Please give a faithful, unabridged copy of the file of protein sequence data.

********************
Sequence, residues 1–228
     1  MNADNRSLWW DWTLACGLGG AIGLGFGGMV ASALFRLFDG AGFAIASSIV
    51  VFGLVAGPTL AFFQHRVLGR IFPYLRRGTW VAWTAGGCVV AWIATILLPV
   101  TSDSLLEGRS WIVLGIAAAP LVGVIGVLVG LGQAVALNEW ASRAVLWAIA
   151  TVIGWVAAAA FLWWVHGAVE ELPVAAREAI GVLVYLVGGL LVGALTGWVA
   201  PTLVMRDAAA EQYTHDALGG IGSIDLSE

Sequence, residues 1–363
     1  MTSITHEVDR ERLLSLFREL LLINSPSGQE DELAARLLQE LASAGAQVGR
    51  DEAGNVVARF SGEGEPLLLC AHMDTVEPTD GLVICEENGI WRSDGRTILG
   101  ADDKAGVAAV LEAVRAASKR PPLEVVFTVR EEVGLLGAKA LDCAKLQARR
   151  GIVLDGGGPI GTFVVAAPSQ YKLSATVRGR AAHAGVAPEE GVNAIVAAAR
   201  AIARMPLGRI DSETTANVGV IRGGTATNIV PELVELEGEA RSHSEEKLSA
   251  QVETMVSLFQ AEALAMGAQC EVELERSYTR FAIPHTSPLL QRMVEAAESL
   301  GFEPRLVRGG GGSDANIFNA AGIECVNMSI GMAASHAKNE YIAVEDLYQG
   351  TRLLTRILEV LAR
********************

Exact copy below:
Sequence, residues 1–228
     1  MNADNRSLWW DWTLACGLGG AIGLGFGGMV ASALFRLFDG AGFAIASSIV
    51  VFGLVAGPTL AFFQHRVLGR IFPYLRRGTW VAWTAGGCVV AWIATILLPV
   101  TSDSLLEGRS WIVLGIAAAP LVGVIGVLVG LGQAVALNEW ASRAVLWAIA
   151  TVIGWVAAAA FLWWVHGAVE ELPVAAREAI GVLVYLVGGL LVGALTGWVA
   201  PTLVMRDAAA EQYTHDALGG IGSIDLSE

Sequence, residues 1–363
     1  MTSITHEVDR ERLLSLFREL LLINSPSGQE DELAARLLQE LASAGAQVGR
    51  DEAGNVVARF SGEGEPLLLC AHMDTVEPTD GLVICEENGI WRSDGRTILG
   101  ADDKAGVAAV LEAVRAASKR PPLEVVFTVR EEVGLLGAKA LDCAKLQARR
   151  GIVLDGGGPI GTFVVAAPSQ YKLSATVRGR AAHAGVAPEE GVNAIVAAAR
   201  AIARMPLGRI DSETTANVGV IRGGTATNIV PELVELEGEA RSHSEEKLSA
   251  QVETMVSLFQ AEALAMGAQC EVELERSYTR FAIPHTSPLL QRMVEAAESL
   301  GFEPRLVRGG GGSDANIFNA AGIECVNMSI GMAASHAKNE YIAVEDLYQG
   351  TRLLTRILEV LAR